K.G. McAbee's "A Whole New World" is just one of the mad mechanical tales featured in Murder and Machinery. Out April the 3rd. Kindle pre-orders available now.
Tell us three interesting facts about yourself.
1. I have a passion for old Universal horror movies with Boris Karloff, Bela Lugosi, Basil Rathbone—incidentally, the BEST Holmes ever—and Claude Rains, and Hammer Films with Christopher Lee and Peter Cushing...as who among us does not?
2. I live in a 200-year-old log cabin with resident ghost, a woman in a long blue dress who walks by my window. My second-floor window.
3. In a former job, I programmed robots.
What drew you to this particular theme?
The delicate balance between humanity and machinery has always fascinated me. We humans love to create machines, and we need machinery to do what our puny muscles and minds cannot, but we’ve always had a love-hate relationship with it. Luddites, anyone?
What’s the most frightening machine for you personally?
Airplanes! The complete and total lack of control as you’re flung through the sky, defying gravity, is terrifying. Not to mention take-offs and landing.
Which short story authors or authors in the horror genre inspire you?
H.P. Lovecraft, Stephen King, Ramsey Campbell, Eddie Poe.
Do you have a favourite story about machines, other than The Pit and the Pendulum?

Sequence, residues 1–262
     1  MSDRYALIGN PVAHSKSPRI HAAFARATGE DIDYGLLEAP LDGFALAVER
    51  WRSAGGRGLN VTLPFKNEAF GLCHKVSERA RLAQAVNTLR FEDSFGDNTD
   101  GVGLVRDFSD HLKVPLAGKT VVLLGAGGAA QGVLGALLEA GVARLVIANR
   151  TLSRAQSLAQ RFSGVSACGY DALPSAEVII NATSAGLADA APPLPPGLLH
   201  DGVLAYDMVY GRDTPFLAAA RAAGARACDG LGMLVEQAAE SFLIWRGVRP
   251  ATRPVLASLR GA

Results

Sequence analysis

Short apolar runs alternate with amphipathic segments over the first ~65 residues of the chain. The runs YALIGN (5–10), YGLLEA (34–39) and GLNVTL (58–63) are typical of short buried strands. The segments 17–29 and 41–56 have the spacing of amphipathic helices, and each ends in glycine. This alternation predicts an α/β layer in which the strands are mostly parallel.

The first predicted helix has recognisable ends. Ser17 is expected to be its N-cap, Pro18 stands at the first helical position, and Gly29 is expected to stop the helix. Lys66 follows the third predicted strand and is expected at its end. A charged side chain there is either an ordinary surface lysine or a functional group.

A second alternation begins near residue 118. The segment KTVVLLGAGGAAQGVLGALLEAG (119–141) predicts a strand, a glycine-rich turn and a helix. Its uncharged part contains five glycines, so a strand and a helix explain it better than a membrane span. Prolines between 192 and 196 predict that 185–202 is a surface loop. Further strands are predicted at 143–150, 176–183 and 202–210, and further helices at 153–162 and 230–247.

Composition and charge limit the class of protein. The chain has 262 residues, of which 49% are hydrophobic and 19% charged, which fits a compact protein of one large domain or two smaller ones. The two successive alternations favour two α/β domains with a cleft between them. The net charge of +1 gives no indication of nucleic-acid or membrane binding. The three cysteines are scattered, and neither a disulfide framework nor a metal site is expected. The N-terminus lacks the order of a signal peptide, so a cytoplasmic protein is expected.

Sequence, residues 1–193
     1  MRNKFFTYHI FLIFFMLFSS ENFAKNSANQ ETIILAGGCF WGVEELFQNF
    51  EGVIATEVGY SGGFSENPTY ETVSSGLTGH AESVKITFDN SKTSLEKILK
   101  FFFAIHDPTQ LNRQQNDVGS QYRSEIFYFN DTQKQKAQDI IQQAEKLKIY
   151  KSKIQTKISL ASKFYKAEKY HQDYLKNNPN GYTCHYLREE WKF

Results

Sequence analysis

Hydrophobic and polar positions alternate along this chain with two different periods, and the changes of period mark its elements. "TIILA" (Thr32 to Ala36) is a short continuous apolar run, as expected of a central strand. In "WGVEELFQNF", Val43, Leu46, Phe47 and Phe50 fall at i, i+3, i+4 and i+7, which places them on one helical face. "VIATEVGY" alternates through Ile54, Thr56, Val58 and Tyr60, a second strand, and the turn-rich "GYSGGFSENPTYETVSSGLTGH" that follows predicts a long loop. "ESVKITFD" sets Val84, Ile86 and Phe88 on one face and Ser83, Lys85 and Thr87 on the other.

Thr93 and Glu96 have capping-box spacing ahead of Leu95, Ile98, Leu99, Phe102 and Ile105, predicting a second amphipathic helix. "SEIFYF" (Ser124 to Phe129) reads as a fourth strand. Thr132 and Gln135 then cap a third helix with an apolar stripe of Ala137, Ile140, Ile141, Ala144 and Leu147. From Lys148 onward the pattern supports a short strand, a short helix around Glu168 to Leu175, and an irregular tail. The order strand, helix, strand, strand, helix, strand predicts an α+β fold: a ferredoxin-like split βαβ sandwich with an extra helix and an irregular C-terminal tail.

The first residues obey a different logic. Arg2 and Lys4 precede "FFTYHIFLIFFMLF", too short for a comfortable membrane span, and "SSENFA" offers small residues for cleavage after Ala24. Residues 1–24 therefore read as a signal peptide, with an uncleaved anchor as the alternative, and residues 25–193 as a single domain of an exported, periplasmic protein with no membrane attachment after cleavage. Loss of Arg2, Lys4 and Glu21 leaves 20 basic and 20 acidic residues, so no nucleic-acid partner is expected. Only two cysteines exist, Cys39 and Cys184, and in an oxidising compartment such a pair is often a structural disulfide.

I’m a serious Tolkien geek, and I’ve always been struck with how Saruman is happy to have trees shopped down to fuel his furnaces and make more weapons. Furnaces. Weapons. What can possibly go wrong?
What does your editing process look like?
After I finish a story, I let it sit for a few days to get cold, then I read it from the beginning, editing as I go.
Do you write everything and then edit or do you meticulously plan before you write?
I’m a die-hard pantser. I write first, then edit. My stories often take interesting and unexpected turns, true, but I can—usually—get them back on track.
What are you working on now?
I’m working on a science fiction short about androids, and also on a new mystery series set at writers’ conferences. Because, really: haven’t we all seen people we’d like to murder at pretty much any conference?
Where can we find you online?
At my website: www.kgmcabeebooks.com and at Amazon, Smashwords, Barnes & Noble, and all sorts of other places.